Last quarter, I audited ANTH 21 on a day when the class had a discussion about privilege. The professor asked, “Can someone experience white privilege without knowing it?” My first thought was that some people could experience it without knowing, but I wasn’t one of them because I was aware of my privilege; therefore, I wasn’t the target audience of this discussion.
But after hearing others from different backgrounds share their opinions, I got a little uncomfortable. One student cited the controversy over a white student attending prom while wearing a qipao dress, a traditional Chinese dress reserved for formal events. She explained that if she, as a Chinese American, had worn a qipao dress to her prom, she’d be uncomfortable because of the exoticization from others and the numerous questions she’d be expected to answer about its cultural significance, whereas the white student would not have been expected to know anything about the dress she was wearing. Other students also brought up instances from their pasts in which they knew that they weren’t receiving the same benefits as their white counterparts, while the white people in their stories were completely oblivious.
As a “woke” liberal, I didn’t understand why a discussion about white privilege—of which I assumed I was already aware—could leave me feeling unsettled, especially when I had thought of myself as an ally to people of other identities. After I spent a day trying to figure out why this class had made me uncomfortable, I realized that it had broadened my understanding of what it means to be cisgender, straight, and white in a way that none of my other classes had. On so many occasions, I had been that white person—oblivious to my privilege because I’ve never experienced oppression.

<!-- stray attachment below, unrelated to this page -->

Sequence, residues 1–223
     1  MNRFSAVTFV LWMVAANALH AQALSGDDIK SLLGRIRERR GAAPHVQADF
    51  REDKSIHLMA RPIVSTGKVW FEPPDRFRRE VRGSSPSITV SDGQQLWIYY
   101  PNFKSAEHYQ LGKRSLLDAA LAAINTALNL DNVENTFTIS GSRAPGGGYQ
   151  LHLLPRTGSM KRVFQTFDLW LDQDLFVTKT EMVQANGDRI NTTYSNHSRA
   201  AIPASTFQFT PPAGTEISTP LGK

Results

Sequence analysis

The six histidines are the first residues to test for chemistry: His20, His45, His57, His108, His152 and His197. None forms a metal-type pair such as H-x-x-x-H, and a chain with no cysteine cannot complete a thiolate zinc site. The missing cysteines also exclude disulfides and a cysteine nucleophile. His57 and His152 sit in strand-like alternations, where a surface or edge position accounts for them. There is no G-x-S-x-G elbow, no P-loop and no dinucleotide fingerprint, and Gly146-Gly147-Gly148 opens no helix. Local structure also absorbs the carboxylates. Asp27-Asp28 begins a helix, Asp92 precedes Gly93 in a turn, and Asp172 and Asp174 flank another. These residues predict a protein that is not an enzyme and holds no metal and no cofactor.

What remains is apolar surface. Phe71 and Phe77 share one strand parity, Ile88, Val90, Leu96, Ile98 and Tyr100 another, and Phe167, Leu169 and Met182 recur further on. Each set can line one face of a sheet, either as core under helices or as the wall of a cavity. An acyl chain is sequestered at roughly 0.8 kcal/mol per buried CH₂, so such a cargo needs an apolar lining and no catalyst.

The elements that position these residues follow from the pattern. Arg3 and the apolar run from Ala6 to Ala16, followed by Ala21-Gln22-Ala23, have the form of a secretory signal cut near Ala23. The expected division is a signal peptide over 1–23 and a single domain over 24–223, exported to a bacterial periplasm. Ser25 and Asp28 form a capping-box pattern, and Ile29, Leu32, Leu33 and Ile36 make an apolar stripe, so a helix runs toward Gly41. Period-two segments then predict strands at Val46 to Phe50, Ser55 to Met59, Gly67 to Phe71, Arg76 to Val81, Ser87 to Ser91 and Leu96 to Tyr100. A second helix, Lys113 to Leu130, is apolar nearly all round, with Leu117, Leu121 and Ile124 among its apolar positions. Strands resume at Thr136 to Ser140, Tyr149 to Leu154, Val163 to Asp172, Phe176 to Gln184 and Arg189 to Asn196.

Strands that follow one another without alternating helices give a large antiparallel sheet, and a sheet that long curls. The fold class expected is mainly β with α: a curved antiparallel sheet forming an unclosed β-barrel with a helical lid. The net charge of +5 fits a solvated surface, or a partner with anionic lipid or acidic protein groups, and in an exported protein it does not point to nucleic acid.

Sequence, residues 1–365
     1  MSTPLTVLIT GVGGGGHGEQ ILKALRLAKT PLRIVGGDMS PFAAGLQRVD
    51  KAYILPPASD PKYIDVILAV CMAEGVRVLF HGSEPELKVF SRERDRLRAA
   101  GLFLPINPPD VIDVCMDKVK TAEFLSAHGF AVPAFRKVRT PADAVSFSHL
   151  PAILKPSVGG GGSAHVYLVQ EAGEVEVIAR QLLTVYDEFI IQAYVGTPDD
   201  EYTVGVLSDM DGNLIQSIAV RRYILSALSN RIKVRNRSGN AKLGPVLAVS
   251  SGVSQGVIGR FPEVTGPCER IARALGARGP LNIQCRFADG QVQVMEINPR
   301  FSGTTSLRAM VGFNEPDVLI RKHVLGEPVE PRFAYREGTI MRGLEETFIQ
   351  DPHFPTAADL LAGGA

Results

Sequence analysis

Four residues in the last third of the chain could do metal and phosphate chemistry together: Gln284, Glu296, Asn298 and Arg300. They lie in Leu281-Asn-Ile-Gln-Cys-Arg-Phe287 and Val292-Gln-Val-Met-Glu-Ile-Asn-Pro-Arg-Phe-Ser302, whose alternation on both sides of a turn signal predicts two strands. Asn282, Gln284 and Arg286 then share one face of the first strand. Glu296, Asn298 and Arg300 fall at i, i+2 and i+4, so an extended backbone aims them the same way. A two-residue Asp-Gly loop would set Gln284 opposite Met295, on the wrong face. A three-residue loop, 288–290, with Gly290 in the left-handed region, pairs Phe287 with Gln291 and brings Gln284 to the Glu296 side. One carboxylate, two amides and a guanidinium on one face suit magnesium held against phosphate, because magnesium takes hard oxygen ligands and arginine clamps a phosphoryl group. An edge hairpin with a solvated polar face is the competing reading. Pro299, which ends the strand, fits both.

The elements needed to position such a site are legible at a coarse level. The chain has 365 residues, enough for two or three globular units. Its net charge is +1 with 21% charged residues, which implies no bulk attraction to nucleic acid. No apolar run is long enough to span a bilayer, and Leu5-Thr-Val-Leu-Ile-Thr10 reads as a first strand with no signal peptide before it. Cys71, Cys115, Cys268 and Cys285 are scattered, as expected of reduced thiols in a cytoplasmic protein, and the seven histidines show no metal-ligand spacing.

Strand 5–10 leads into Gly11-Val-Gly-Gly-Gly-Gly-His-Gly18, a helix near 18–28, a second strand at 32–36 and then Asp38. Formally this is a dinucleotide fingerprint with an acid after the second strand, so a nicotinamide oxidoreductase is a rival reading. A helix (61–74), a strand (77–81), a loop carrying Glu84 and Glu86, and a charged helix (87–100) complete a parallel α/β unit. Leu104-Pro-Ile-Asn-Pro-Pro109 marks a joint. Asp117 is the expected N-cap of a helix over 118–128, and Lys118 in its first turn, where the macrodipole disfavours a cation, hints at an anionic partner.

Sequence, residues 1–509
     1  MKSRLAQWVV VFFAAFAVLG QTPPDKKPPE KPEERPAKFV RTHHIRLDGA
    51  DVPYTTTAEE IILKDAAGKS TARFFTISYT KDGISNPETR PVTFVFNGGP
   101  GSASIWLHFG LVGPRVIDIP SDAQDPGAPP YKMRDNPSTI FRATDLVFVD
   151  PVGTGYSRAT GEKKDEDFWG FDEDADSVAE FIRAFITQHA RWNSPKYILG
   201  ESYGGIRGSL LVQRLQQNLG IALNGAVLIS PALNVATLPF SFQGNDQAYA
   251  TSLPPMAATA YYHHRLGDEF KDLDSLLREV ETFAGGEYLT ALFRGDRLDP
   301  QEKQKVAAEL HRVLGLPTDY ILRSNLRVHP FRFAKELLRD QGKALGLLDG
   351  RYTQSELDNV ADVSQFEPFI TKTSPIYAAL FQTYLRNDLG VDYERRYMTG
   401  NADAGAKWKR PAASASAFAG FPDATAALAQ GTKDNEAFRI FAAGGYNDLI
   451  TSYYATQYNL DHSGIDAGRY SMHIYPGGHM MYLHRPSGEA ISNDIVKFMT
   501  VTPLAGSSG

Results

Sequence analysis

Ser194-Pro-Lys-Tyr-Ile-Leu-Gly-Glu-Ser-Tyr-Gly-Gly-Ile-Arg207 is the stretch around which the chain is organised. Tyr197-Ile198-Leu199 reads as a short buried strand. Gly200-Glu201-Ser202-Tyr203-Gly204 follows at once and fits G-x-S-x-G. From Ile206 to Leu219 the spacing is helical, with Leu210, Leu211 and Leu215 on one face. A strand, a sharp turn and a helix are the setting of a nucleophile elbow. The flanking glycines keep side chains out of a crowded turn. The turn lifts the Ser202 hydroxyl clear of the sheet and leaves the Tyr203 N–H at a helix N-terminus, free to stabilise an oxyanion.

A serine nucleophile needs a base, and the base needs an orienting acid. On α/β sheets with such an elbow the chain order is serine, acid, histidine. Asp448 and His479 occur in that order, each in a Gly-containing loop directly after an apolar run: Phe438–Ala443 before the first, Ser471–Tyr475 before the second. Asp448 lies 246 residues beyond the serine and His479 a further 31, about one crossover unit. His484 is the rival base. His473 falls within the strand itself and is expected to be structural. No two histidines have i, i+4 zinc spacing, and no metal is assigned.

UC San Diego requires all students to take a Diversity, Equity, and Inclusion (DEI) course in order to graduate. A DEI course is a class that encourages a safe, inclusive discussion in which students can share experiences and listen to the perspectives of others from different backgrounds with the intention of ensuring fair treatment and an equitable future. In order for a class to fulfill the DEI requirement, the faculty who support it must submit a response form that defends its encouragement of the DEI principles. In other words, the questions only require the basics: a structure that is relevant to DEI values, a focus on one historically marginalized group, and a method of teaching that encourages students to better understand their identity in relation to others.
UCSD instituted this requirement in response to the notorious Compton Cookout, which took place in 2010. Given the origin of this requirement, the qualification for a class to be considered a DEI course should do more to promote the crucial discussions about white privilege that would best work to eliminate the kind of ignorant, exclusive thinking that allows events like the Compton Cookout to take place. However, the qualifications for a class to fulfill DEI credit don’t require active discussions about privilege.
In Winter Quarter 2018, I enrolled in LTEN 29, Introduction to Chicanx/Latinx Literature—a class which I later learned fulfilled my DEI requirement. In the class, I read books written by Mexican American authors who discussed their experiences, such as Shaman Winter by Rudolfo Anaya, The River Flows North by Graciela Limón, and Watsonville by Cherrie Moraga. The lectures mostly consisted of plot clarification, such as when Anaya’s novel introduced magical realism, and real-world context that helped to define the historical significance of class readings, such as the cannery strike in Moraga’s play.